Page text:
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Murray Valley encephalitis in an adult traveller complicated by long-term flaccid paralysis: case report and review of the literature

Douglas, M. W., Stephens, D. P., Burrow, James N. C., Anstey, Nicholas M., Talbot, K. and Currie, Bart J. (2007). Murray Valley encephalitis in an adult traveller complicated by long-term flaccid paralysis: case report and review of the literature. Transactions of the Royal Society of Tropical Medicine and Hygiene,101(3):284-288.

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Title Murray Valley encephalitis in an adult traveller complicated by long-term flaccid paralysis: case report and review of the literature
Author Douglas, M. W.
Stephens, D. P.
Burrow, James N. C.
Anstey, Nicholas M.
Talbot, K.
Currie, Bart J.
Journal Name Transactions of the Royal Society of Tropical Medicine and Hygiene
Publication Date 2007
Volume Number 101
Issue Number 3
ISSN 0035-9203   (check CDU catalogue open catalogue search in new window)
Start Page 284
End Page 288
Place of Publication Oxford
Publisher Elsevier
HERDC Category C1 - Journal Article (DEST)
Abstract Murray Valley encephalitis (MVE) virus, a mosquito-borne flavivirus, is the most common cause of viral encephalitis in the tropical 'Top End' of northern Australia. Clinical encephalitis due to MVE virus has a mortality rate of approximately 30%, with a similar proportion of patients being left with significant neurological deficits. We report the case of a 25-year-old man from the UK who acquired MVE while travelling through northern Australia. He required prolonged admission to the Intensive Care Unit and several years later remains partly ventilator-dependent, with flaccid quadriparesis. To our knowledge, this is the first reported case of MVE virus-induced flaccid paralysis in an adult in northern Australia, although it is well described in children. Paralysis was thought to be due to anterior horn cell involvement in the spinal cord and extensive bilateral thalamic destruction, both of which are well recognised complications of infection with MVE virus. Cases of flaccid paralysis with similar pathology have been described following infection with the related flavivirus Japanese encephalitis virus as well as more recently with West Nile virus. Our case highlights the potential severity of flavivirus-induced encephalitis and the importance of avoiding mosquito bites while travelling through endemic areas. (c) 2006 Royal Society of Tropical Medicine and Hygiene. Published by Elsevier Ltd. All rights reserved.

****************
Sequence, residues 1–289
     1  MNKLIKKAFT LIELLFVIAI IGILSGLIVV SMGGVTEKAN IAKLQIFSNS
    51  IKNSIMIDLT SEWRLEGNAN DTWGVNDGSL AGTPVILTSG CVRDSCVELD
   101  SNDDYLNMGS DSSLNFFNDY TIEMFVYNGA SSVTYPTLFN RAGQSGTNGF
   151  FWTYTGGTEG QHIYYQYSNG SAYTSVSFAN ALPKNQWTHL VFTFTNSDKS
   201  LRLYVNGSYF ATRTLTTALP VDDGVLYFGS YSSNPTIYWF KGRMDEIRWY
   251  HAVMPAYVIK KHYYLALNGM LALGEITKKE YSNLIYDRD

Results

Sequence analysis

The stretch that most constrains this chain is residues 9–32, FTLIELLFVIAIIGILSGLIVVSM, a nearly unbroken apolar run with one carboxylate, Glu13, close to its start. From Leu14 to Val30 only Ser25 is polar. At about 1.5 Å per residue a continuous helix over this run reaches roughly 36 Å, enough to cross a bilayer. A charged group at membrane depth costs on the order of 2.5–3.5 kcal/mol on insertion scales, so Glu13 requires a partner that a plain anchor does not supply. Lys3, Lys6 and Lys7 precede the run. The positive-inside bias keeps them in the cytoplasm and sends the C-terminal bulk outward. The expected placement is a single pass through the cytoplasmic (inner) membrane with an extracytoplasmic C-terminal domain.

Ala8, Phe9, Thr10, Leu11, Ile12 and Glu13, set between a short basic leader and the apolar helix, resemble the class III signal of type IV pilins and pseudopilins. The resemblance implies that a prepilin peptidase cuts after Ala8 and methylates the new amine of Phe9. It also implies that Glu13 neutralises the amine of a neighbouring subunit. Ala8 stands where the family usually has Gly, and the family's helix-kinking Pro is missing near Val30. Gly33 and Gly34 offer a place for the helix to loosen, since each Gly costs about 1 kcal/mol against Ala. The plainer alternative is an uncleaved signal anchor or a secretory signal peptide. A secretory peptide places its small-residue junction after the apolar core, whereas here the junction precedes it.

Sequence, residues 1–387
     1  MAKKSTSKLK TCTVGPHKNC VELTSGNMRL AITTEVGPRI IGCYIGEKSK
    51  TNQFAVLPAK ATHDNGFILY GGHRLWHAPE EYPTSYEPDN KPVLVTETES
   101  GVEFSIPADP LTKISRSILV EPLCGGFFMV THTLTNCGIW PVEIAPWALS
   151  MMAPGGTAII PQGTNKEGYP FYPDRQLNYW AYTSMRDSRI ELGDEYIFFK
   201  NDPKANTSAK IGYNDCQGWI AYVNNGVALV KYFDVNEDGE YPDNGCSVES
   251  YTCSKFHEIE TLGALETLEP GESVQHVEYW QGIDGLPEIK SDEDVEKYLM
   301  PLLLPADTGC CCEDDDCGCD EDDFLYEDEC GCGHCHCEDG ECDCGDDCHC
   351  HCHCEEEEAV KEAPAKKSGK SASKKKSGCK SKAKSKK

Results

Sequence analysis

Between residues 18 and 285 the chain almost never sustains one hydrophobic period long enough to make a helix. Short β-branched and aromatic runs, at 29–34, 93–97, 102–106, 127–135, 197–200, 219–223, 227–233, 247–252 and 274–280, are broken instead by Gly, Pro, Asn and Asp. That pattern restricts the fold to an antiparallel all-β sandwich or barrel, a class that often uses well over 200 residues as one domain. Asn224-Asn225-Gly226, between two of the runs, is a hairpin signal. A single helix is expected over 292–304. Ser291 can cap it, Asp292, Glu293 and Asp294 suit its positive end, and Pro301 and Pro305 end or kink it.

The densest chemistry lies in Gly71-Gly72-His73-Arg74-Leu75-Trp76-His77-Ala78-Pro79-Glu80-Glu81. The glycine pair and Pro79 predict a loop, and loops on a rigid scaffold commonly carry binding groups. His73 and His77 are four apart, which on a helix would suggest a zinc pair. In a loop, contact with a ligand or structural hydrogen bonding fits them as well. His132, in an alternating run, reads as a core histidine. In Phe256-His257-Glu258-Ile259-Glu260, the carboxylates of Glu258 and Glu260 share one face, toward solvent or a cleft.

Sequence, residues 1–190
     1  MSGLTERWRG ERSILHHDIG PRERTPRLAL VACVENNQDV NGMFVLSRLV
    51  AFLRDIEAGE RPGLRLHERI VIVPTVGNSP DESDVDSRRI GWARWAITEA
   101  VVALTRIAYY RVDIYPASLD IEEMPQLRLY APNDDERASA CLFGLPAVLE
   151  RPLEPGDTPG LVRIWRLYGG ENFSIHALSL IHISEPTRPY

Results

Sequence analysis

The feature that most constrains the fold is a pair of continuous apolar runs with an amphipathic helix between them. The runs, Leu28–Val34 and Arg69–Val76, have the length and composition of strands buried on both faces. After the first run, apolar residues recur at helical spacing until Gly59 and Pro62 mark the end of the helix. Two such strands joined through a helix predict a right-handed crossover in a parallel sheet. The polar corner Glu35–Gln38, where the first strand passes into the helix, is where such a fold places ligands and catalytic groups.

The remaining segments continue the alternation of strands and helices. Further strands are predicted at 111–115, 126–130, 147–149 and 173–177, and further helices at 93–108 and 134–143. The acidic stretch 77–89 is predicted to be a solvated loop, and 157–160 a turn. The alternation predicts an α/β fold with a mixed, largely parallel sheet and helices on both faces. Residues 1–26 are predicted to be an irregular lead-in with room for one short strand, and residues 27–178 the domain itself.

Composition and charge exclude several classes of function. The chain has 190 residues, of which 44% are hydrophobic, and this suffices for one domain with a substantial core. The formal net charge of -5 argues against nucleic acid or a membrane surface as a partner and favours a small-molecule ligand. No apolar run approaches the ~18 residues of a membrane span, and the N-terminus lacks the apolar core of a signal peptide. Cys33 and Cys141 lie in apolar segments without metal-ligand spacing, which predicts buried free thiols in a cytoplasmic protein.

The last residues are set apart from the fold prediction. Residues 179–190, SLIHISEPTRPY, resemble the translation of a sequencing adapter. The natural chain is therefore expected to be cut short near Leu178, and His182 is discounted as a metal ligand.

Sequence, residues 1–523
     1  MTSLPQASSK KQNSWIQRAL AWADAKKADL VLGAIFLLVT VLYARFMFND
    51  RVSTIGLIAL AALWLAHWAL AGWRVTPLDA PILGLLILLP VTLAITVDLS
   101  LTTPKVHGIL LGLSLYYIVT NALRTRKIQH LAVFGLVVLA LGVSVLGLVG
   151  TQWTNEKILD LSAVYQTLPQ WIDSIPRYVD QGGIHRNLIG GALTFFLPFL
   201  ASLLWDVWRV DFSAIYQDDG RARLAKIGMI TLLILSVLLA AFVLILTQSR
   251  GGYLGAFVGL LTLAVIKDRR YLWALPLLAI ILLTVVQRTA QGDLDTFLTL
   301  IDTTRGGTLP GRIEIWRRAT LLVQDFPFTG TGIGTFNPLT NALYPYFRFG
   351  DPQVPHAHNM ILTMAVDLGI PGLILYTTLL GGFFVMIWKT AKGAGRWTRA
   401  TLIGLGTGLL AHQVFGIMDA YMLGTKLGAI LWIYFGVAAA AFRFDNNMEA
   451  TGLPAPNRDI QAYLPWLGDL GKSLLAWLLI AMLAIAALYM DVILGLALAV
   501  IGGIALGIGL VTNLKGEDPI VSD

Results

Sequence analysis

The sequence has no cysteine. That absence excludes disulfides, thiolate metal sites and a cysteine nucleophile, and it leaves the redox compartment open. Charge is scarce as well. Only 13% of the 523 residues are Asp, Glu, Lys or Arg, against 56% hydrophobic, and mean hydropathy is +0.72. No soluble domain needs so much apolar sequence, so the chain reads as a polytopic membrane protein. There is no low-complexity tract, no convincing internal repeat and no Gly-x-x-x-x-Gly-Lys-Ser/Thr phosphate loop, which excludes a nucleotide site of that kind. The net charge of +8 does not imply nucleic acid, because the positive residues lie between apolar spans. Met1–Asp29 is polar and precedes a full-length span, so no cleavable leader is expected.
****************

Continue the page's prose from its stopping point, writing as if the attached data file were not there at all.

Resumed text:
Keywords viral encephalitis
encephalitis virus
Murray Valley
quadriplegia
paralysis
flavivirus infections
Australia
WEST-NILE-VIRUS
JAPANESE ENCEPHALITIS
AUSTRALIAN ENCEPHALITIS
POLIOMYELITIS
INFECTION
FEATURES
DOI http://dx.doi.org/10.1016/j.trstmh.2006.09.005   (check subscription with CDU E-Gateway service for CDU Staff and Students  check subscription with CDU E-Gateway in new window)
 
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